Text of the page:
The experiment itself will help better our understanding of how space-borne cereals in general and barley, in particular, will fare. What AB InBev researchers want to see is the effects an off-planet environment will have on the seeds, with a particular interest in microgravity and their germination process. Specifically, they’ll evaluate whether sufficiently cool and dry conditions can be maintained (needed for proper barley storage) and whether the seeds grow at least 6-10 inches (15.2-25.4 cm) the first two weeks, as they do planet-side.

The seeds will be held aboard the ISS for one month. After landing back on Earth, they will be taken to AB InBev’s American innovation team in Colorado. In the end, the data gleaned from the malted barley will help them determine whether space breeding and storage of the cereal is feasible. If yes, it would likely form the base for an entire off-world beer brewing industry.

Barley malt — what every burgeoning space-beer industry needs.
Image credits Tomasz Mikołajczyk.

The breweries will be working together with the Center for Advancement of Science in Space (CASIS), a non-profit that manages the US’ National Lab facility aboard the ISS, and Space Tango, a private company that runs two commercial research units within the National Lab.

“Budweiser is taking the commitment to create microgravity beer very seriously, which is why we’ve partnered with leaders in the space industry like CASIS,” a company spokesperson said. “Together with our Liquid Innovation team, the duo will conduct experiments on the International Space Station, to begin the process of understanding how we can create a microgravity beer.”

Brave new frontier or grab for attention?

So is this a market stunt? It’s definitely that, too — AB is, after all, a company that has to turn a profit.

At the same time, it’s difficult to overstate just how much humans love alcohol. There is evidence our ancestors made and enjoyed wine as early as 8,000 years ago. We’ve teased out 5,000-year-old beer recipes from ancient Chinese pottery and of course we’ve made some and drank it. In fact, it’s possible one of the principal reasons humans ever settled down at all was because we wanted to get drunk more easily. It’s likely that we’ve also actually made an evolutionary effort just to be able to get smashed. It all means that when humans eventually leave the Earth for other homes among the stars, alcoholic drinks will come along to power merry times, poor choices, and health issues.

AB isn’t the first company to sniff out a good profit margin in the whole affair. Two years ago, Japanese-based distillery Suntory launched whiskey offworld (also to the ISS) to study the “development of mellowness in alcoholic beverage through the use of a microgravity environment.” As did Ardberg Scotch Whiskey in 2011, keeping their brew in orbit up to 2014. On the other end of the bottle, Scottish manufacturer Ballantine handily designed a space glass that will let astronauts imbibe but never spill their drink while getting tipsy in 0G.

Right now, we have to wait and see how Anheuser-Busch’s seeds fare. If everything goes well, however, we’re bound to see more research in the field of space booze — and, ultimately, even finished products. The seeds will be sent to space on the upcoming cargo supply mission SpaceX’s CRS-13, scheduled to be launched on December 4 from Cape Canaveral Air Force Station, Florida.


US brewery wants to make beer on Mars — so they’re space-testing barley seeds next week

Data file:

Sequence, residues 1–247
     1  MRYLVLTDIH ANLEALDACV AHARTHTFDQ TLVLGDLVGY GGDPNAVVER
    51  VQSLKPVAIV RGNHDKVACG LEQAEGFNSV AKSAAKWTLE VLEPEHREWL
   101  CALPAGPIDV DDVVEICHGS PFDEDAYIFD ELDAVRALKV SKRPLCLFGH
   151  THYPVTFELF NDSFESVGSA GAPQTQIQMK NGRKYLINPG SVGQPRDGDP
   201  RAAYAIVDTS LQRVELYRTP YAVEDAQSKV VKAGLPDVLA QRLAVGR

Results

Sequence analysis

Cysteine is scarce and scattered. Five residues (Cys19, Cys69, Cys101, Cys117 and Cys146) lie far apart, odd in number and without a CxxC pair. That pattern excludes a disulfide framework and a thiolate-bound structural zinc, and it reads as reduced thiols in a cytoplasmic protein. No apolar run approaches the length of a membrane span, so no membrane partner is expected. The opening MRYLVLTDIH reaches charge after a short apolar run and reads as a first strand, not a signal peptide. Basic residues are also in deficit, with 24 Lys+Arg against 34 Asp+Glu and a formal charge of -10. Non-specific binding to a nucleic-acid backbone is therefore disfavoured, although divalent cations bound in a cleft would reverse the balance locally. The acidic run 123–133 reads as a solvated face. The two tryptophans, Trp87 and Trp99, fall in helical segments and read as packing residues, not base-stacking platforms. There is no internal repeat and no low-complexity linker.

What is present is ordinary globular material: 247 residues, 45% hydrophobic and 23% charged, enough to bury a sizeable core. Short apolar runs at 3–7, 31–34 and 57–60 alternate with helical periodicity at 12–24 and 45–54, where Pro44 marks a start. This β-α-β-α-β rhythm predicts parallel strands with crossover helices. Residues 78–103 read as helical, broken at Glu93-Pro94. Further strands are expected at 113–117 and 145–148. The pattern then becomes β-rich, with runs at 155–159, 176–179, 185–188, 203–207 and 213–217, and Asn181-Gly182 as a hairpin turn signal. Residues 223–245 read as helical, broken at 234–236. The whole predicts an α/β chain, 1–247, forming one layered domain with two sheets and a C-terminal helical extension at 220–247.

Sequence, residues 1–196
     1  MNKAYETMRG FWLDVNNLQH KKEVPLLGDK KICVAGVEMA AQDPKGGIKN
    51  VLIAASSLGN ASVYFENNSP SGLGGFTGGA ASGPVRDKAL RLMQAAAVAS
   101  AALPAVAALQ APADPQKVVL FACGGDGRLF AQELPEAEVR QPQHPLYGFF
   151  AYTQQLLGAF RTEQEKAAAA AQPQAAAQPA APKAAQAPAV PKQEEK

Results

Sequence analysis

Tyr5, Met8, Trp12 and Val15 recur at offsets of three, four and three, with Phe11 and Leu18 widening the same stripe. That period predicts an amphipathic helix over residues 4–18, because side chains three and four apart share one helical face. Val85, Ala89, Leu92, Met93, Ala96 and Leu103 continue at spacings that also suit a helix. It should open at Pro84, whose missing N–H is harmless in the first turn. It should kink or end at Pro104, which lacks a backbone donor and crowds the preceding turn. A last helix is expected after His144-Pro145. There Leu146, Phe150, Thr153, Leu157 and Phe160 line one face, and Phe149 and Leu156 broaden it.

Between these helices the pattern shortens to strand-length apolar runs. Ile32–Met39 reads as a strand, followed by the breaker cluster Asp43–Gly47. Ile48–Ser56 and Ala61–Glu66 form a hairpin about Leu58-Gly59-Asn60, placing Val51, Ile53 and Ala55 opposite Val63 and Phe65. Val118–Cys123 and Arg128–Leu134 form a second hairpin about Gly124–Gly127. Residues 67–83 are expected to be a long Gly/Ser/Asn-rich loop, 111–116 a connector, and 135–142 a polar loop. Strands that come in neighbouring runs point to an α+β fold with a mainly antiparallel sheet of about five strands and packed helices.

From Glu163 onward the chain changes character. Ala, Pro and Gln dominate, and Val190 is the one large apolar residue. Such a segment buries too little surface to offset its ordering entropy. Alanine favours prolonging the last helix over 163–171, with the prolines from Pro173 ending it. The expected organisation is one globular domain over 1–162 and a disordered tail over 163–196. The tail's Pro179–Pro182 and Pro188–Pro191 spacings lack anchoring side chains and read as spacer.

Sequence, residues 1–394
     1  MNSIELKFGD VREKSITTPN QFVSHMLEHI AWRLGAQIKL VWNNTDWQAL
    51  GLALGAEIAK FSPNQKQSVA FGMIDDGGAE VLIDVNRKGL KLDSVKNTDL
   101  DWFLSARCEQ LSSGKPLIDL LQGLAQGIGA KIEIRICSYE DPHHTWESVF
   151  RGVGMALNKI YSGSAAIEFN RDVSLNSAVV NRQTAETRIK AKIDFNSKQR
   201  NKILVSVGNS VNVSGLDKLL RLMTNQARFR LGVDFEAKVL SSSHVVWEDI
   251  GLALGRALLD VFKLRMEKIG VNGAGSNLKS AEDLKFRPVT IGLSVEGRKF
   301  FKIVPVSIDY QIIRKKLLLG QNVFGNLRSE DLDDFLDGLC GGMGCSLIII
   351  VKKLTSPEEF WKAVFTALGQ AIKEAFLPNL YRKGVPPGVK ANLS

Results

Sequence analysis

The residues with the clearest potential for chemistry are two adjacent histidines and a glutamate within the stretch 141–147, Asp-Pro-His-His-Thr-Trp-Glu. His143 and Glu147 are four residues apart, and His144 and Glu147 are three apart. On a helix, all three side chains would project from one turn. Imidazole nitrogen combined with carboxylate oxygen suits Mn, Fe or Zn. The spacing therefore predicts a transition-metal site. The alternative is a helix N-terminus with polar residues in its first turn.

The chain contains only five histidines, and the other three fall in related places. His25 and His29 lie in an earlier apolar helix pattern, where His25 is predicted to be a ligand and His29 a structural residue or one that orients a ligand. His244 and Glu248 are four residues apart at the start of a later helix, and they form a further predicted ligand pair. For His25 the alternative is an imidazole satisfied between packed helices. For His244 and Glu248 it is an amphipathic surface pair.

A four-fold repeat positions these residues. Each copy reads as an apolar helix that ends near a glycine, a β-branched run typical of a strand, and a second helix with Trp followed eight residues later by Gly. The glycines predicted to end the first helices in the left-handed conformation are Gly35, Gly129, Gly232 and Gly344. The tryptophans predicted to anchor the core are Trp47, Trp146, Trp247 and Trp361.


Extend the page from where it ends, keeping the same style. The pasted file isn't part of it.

US-based breweries AB InBev wants to give future space colonists the opportunity of getting positively plastered. The company will be sending 20 malting barley seeds to the ISS early next month to see how this critical ingredient fares in microgravity.

Mars can be a bleak place, so why not crack open a cold one to help you unwind after a hard day of colonizing? That, at least, is what Anheuser-Busch InBev (AB InBev, the company behind Budweiser) proposes. Since there’s no beer like a fresh one, however, the brewing company plans to give future spacefarers all they need to brew their own brew on the go. The first step will be to check if barley crops can grow outside of Earth, and as such AB is sending 20 malting barley seeds to the ISS. The cereal is one of the four main ingredients used for the brew.

The mission will fulfill a promise AB InBev made last March at the South by Southwest music festival in Austin, Texas, that it “would create a beer suitable for drinking in space […] and when people get there they will toast on Budweiser.”

“Sending our barley to the International Space Station is a big step towards our goal of creating a microgravity brew,” said Ricardo Marques, Budweiser marketing vice president, said in an email.

“Our obsession with innovation led us to this place, and we couldn’t be more excited for Budweiser to be the beer one day enjoyed on the red planet.”

The experiment itself will help better our understanding of how space-borne cereals in general and barley, in particular, will fare. What AB InBev researchers want to see is the effects an off-planet environment will have on the seeds, with a particular interest in microgravity and their germination process. Specifically, they’ll evaluate whether sufficiently cool and dry conditions can be maintained (needed for proper barley storage) and whether the seeds grow at least 6-10 inches (15.2-25.4 cm) the first two weeks, as they do planet-side.

The seeds will be held aboard the ISS for one month. After landing back on Earth, they will be taken to AB InBev’s American innovation team in Colorado. In the end, the data gleaned from the malted barley will help them determine whether space breeding and storage of the cereal is feasible. If yes, it would likely form the base for an entire off-world beer brewing industry.